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Is Facial Recognition The Next Privacy Battleground?


While much recent retail technology buzz has focused on the promise and peril of Apple’s iBeacons, another identity tech has matured: facial recognition. It’s now powerful enough to let stores use cameras to link customers’ faces to information stored in databases—but it’s also finding use in industrial and transportation settings, where it can be used to keep people away from sensitive areas. But are we ready for this tech to start linking personal data with our faces without our knowledge?

Legally, there’s nothing stopping American businesses from doing so. A recent BBC article posited the future concern that retail businesses could compare photos taken in-store with databases drawing from data found on the Internet—like databases of social media or Facebook users. But no business wants to be the first on its block to start scanning customer faces and get caught with data the customer didn’t want collected, says Joe Rosenkrantz, CEO of FaceFirst, a Los Angeles-based company that sells facial recognition systems. Instead, FaceFirsts retail clients mainly use the company’s biometric analytics to track known shoplifters.

FaceFirst’s facial analysis software requires a minimum of one megapixel of resolution for its facial recognition to work (you can find 1.3MP security cameras for $150 online), but the software isn’t restricted to fixed cameras: It’s designed to work with smartphones. Armed with an iPhone, employees can snap customer photos and upload them to FaceFirst’s analytics servers to compare with database entries.

Beyond its present and possible future retail applications, the tech that FaceFirst has built works just as well at identifying faces for industrial, utility, and transportation authorities—alerting managers when people have wandered where they’re not supposed to be and even bringing facial recognition to law enforcement smartphones

 How it works

Rosenkrantz and his cofounders started FaceFirst in 2007 when they recognized that facial recognition algorithms had become mature and accurate, but there were no platforms for enterprise deployment. Even now, FaceFirst has few competitors that can rapidly scale up a facial recognition system for thousands of stores, say—or process a massive database to help keep a bus terminal or airport secure.

Simply put, FaceFirst’s system has a camera take a photo of a person’s face, analyze it on a 128-by-128-point (for a total of 16,384 reference points) facial overlay grid, and compare it to faces in a database. The client chooses the database, which can be any size, but the larger the database, the more processing power it’ll take to get a timely comparison result. When someone snaps a photo, FaceFirst’s system compares those reference points to entries in the database, giving a percentage match. The client decides what the accuracy threshold should be, with 80%-90% the default threshold to trigger alerts.

It takes a ton of bandwidth to deal with live HD video and biometric data, but FaceFirst has spent years whittling down file sizes to streamline high-scale enterprise demand. Further, the company built a web-based portal for global access to the facial recognition system, even from smartphones.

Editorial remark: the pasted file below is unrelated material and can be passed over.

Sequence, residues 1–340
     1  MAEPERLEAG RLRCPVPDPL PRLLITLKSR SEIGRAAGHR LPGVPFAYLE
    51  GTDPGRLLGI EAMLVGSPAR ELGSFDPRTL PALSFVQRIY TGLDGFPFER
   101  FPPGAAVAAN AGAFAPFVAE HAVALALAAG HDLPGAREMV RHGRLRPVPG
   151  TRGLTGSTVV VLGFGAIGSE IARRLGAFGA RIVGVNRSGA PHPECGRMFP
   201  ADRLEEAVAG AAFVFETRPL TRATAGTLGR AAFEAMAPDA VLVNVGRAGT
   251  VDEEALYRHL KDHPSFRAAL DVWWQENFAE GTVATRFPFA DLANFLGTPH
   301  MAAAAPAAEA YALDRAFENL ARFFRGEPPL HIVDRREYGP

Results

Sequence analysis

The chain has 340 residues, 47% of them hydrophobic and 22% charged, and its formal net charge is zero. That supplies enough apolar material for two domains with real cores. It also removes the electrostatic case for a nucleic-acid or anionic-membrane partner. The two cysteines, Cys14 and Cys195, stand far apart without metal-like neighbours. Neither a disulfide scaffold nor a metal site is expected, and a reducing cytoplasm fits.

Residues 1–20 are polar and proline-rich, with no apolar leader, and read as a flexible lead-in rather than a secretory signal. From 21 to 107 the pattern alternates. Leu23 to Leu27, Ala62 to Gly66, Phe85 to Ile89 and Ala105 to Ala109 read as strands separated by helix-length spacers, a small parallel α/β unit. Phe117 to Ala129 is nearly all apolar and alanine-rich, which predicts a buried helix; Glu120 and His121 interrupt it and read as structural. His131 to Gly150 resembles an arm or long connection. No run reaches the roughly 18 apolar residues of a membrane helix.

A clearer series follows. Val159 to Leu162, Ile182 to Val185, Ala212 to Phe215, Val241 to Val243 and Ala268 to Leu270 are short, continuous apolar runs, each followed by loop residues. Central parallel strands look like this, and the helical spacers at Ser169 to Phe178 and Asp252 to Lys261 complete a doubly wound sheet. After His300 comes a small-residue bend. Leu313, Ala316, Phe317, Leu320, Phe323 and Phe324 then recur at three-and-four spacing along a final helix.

The facial recognition algorithm FaceFirst uses has been vastly improved since its introduction in the early ’90s, Rosenkrantz says. More intermediate steps between acquisition and match filter lighting and choose the best pose from a series of photos that aligns with the algorithm’s facial grid. The algorithm marks those grid reference points on-site, sending only biometric data to the database comparison engine, saving bandwidth.

This speed and mobile access lets retail businesses intercept suspicious parties quickly. But FaceFirst doesn’t just have clients looking to bolster loss prevention: The company has created a custom mobile app for law enforcement and sold their services to 71 police agencies, Rosenkrantz says. The largest police agency database among FaceFirst’s clients has 8 million entries—and processing that data more quickly for officers on the move has obvious advantages.

But will retail keep your data private?

Retail privacy advocates have been concerned about iBeacons that automatically track customers via Bluetooth. But customers can turn off Bluetooth easily. But it’s much more difficult for them to hide their faces. They would need to apply particular camouflage that distorts facial geometry, wear a gadget, or simply cover their face to fool facial analytics—both of which are fairly conspicuous countermeasures.

Despite ongoing controversy over technology-related privacy violations, America is one of the few developed nations without a universal or federal privacy law governing how data is collected and shared. The Electronic Frontier Foundation has been up in arms about data privacy in general, but the organization is especially concerned about data collection in the retail sphere.

“I don’t think that people do understand that yet, but I don’t think that people in general are able to grasp or gather how companies share data,” says Jennifer Lynch, legal counsel for the EFF. “It’s definitely something to be concerned about, especially with data leakage along the way, and to think about how many cameras are already in society.”

“Facial recognition, like any biometric, is unique to an individual—like a Social Security number or driver’s license or credit card number, it can’t be changed. So if there’s ever a security breach, it could really impact an individual more than we have seen in the recent Home Depot and Target data leaks,” Lynch says. “It impacts the fundamental values of being able to participate in society anonymously.”